Once-a-week insulin shot for type 2 diabetes passes Phase 2 trials
The promising results of a Phase 2 trial testing a new, once-weekly insulin treatment for type 2 diabetes have been published in The New England Journal of Medicine. The weekly injection was found to be as safe and effective as daily insulin shots and a larger Phase 3 trial is currently being planned.
“We know that many people with type 2 diabetes prefer simplicity, meaning fewer injections and more convenience than what is currently provided with once- or twice-daily basal insulin treatment regimens,” says Harpreet Bajaj, lead investigator on the Phase 2 trial.
Developed by healthcare company Novo Nordisk, the novel treatment is named insulin icodec. It is a new insulin analogue designed with a half-life of around seven days. As well as modifying the insulin molecule to prevent enzymatic degradation, insulin icodec was designed to bind to albumin, a protein made by the liver, helping maintain slow and steady insulin release over a seven-day period.
The double-blind Phase 2 trial randomly allocated 247 subjects to either a placebo group receiving daily insulin injections alongside weekly placebo shots, or an active group receiving weekly icodec injections alongside daily placebo shots. At the end of the 26-week trial there was no difference in the number of insulin-related adverse events between the two groups. Weekly icodec treatments were also found to be as effective as daily insulin shots in managing each patient’s blood sugar levels.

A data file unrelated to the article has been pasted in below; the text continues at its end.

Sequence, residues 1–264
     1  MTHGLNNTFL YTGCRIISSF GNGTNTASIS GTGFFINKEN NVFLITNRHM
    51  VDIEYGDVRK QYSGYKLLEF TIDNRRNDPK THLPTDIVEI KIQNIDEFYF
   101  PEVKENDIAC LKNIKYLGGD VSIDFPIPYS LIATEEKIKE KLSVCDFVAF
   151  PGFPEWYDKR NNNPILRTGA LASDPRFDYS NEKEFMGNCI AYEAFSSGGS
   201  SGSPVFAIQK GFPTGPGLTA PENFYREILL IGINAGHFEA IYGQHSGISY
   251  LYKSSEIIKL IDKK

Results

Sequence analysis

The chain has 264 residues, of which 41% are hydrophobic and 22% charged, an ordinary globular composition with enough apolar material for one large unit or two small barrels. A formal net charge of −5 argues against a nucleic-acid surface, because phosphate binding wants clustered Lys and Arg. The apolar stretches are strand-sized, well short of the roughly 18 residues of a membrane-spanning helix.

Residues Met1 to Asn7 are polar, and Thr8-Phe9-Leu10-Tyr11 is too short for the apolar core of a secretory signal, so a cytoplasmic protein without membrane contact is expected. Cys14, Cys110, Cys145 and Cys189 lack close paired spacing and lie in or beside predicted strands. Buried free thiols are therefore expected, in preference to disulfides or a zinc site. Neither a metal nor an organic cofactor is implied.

“This phase 2 trial demonstrates the potential benefit insulin icodec could offer to people with type 2 diabetes in need of insulin therapy, aiding easy transition onto a new treatment option without the daily burden and complexity that is associated with current therapies and potentially even experience more time in good glycaemic control with low risk of hypoglycaemia,” says Bajaj.
Speaking to HealthDay, Robert Gabbay from the American Diabetes Association suggests there are significant benefits to be gained from a safe and effective weekly insulin shot. Besides the mere convenience of a once-weekly injection as opposed to daily shots, Gabbay points out there are many patients that struggle with consistently administering insulin every day, from young adults with unpredictable lifestyles to senior citizens who can often make errors with medications.
"Making insulin simpler for people facing physical or cognitive challenges who are cared for by another person is potentially a benefit of weekly insulin,” says Gabbay, who is not involved with the development of this new treatment. “The chance for an error is less if medication is given once a week rather than seven times.”
A larger Phase 3 trial is set to commence later this year, and a smaller trial investigating the weekly insulin icodec treatment in type 1 diabetic patients was recently completed with results yet to be published.
The new study was published in the New England Journal of Medicine.
Source: Novo Nordisk
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